Novel ideas: archives in English-Canadian literary life and fiction, 1960-2017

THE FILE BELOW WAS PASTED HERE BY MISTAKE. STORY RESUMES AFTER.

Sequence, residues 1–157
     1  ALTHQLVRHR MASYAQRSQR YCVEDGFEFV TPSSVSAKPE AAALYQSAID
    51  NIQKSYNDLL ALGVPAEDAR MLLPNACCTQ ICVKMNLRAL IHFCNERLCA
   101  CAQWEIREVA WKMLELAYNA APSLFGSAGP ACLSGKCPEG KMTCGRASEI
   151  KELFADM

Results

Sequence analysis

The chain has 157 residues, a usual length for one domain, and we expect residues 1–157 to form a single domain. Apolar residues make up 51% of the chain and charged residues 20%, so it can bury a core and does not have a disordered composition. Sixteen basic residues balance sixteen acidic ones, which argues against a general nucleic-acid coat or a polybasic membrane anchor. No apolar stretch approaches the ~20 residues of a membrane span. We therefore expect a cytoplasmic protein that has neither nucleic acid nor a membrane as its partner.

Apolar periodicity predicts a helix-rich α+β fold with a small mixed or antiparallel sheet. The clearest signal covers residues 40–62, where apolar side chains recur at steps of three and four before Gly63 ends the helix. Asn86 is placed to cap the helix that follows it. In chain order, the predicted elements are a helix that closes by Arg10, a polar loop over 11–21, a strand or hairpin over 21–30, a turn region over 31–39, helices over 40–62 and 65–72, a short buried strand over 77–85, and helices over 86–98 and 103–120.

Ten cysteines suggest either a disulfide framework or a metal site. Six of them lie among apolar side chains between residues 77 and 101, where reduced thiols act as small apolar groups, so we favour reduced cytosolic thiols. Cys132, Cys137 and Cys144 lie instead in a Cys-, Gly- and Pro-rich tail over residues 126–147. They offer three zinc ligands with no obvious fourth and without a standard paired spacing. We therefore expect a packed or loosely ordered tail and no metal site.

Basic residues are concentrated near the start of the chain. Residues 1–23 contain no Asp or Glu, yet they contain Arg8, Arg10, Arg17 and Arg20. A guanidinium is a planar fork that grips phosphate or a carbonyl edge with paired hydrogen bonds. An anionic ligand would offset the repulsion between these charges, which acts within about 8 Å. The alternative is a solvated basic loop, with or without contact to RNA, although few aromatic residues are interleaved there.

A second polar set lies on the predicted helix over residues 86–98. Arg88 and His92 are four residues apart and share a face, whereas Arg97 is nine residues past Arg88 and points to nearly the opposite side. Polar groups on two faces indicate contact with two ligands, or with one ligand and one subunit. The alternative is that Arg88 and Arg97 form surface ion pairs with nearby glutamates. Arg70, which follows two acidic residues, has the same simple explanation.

Since the 1960s, archives have become increasingly significant in the Canadian literary world. Literary archives, as such, or the records of novelists, poets, and playwrights, now occupy an important place in many Canadian archives. Other types of archives – from institutional records to the personal archives of non-literary figures ‒ have been increasingly used by literary figures to write novels and other works. As well, archives and archivists themselves have become central to the plot lines of many literary works. Literary uses of archives thus affect societal understanding of historical events and the formation of collective memory, yet this overall literary phenomenon often remains invisible, as few have noted the wide and expanding roles of archives within it. Despite their importance, and although they have been used by scholars and others, they have seldom been made an object of study by archivists, historians, or other scholars. The purpose of this thesis is to provide an introductory overview of these developments: the emergence of literary archives in Canada; the uses of archives by Canadian literary figures to write English-language historical fiction; and, based mainly on a selection of twenty-first century historical fiction, examples of how archives and archivists have been depicted in such literary work. By examining these three key examples of the connection between literary work and archives, this thesis aims to highlight the literary value of archives in Canada as a distinctive topic of study and encourage further exploration of its many aspects.